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October 1999

The recent decision of the Kansas State Board of Education to remove evolution from the state’s K–12 science curricula has caused quite a stir. Far more, I suspect, than the members of the board even anticipated. The flurry of letters and editorials flooding the op-ed pages of national and foreign journals, newspapers and magazines denouncing the decision is a plea for reason from both scientists and nonscientists.

Creation scientists insist that divine creation should be taught as science, yet not be subjected to the scrutiny of the scientific method, empirical evidence or reproducible results. Fortunately, their theories just don’t hold up. Planned objectivity and a willingness to change one’s opinion in the face of new observations are the essence of scientific investigation. And the label “scientist” doesn’t turn someone into a godless automaton bent on corrupting the morals of our children. It’s so frustrating knowing that there really isn’t a conflict: The belief in a creator and the use of the scientific method to examine our world are not mutually exclusive. The real issue is believing vs. understanding.

Maxine Singer, a molecular biologist and president of the Carnegie Institution of Washington, offered one of the more eloquent opinions in an Aug. 18 letter to The Washington Post. She clearly outlined the difference between believing in a concept and understanding it. No individual (not in this country at least) is required to believe everything he reads or hears. Thus it is possible to understand an idea, a concept or an opinion without believing in it. However, to be an educated person today it is necessary to understand, or at least to be familiar with, the concept of evolution. As Dr. Singer said so clearly: “The goal of science education should be an understanding of the theory of evolution; the students can decide whether or not to believe it.”

In light of the recent discussions, we at Geotimes felt it necessary to respond. We invited six leaders in the geocommunity to comment on the situation in Kansas. They include James W. Skehan, a Jesuit priest and director emeritus of Boston College’s Weston Observatory; John W. Geissman, a professor at the University of New Mexico and chair of an American Geophysical Union (AGU) committee defining AGU’s position on creation science; M. Lee Allison, state geologist of Kansas; Eugenie Scott, executive director of the National Center for Science Education; Linda Selvig, an educator in the Idaho public school system and current president of the National Earth Science Teachers Association; and Fred Spilhaus, executive director of the American Geophysical Union. Their opinions add clarity and calm to the fray. In addition to our invited authors, monthly columnists David Applegate and Michael Smith lend their perspectives on the evolving situation in Kansas. Their collective message is clear: It’s time for us to add our voices to the chorus of reason. We need to get more involved at the local level and show our neighbors that scientists are not high priests in a secret club, but regular people. And that science is merely a method for looking at nature with strict rules and many opportunities for self-correction.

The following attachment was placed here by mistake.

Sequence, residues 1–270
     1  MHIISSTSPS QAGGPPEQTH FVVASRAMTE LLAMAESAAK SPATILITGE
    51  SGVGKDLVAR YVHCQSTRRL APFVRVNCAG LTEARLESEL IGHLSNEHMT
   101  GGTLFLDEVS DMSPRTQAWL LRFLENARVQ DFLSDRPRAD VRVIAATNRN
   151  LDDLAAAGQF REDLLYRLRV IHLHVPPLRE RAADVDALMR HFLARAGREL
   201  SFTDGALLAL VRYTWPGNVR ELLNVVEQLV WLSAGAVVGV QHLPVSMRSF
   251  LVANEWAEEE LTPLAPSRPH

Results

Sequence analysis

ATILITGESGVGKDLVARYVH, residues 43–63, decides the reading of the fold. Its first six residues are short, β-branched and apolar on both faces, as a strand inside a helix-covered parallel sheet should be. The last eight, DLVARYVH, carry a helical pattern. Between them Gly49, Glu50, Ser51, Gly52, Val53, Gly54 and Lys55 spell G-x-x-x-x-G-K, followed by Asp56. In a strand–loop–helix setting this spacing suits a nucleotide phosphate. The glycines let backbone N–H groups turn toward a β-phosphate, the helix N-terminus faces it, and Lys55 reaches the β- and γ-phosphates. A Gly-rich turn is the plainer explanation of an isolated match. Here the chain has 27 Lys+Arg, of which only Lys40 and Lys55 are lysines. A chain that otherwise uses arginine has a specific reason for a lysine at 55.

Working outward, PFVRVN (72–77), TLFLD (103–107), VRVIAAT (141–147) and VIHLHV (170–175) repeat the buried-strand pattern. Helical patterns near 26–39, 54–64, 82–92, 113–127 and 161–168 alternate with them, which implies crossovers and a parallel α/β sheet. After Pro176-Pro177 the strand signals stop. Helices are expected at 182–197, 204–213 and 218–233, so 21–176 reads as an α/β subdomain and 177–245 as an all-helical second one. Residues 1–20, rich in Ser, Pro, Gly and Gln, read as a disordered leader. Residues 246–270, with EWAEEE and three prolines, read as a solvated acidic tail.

Our second feature is an in-depth interview with U. S. Geological Survey Director Charles Groat. Having been on the job now for a year, Dr. Groat has started implementing new programs aimed to smooth and synchronize the operation of the world’s premier geoscience research organization. Government Affairs Director David Applegate and Geotimes Managing Editor Kristina Bartlett ask Dr. Groat a series of insightful questions that highlight an innovative and evolving science center.

 Good reading.

Victor V. van Beuren, Editor, Geotimes

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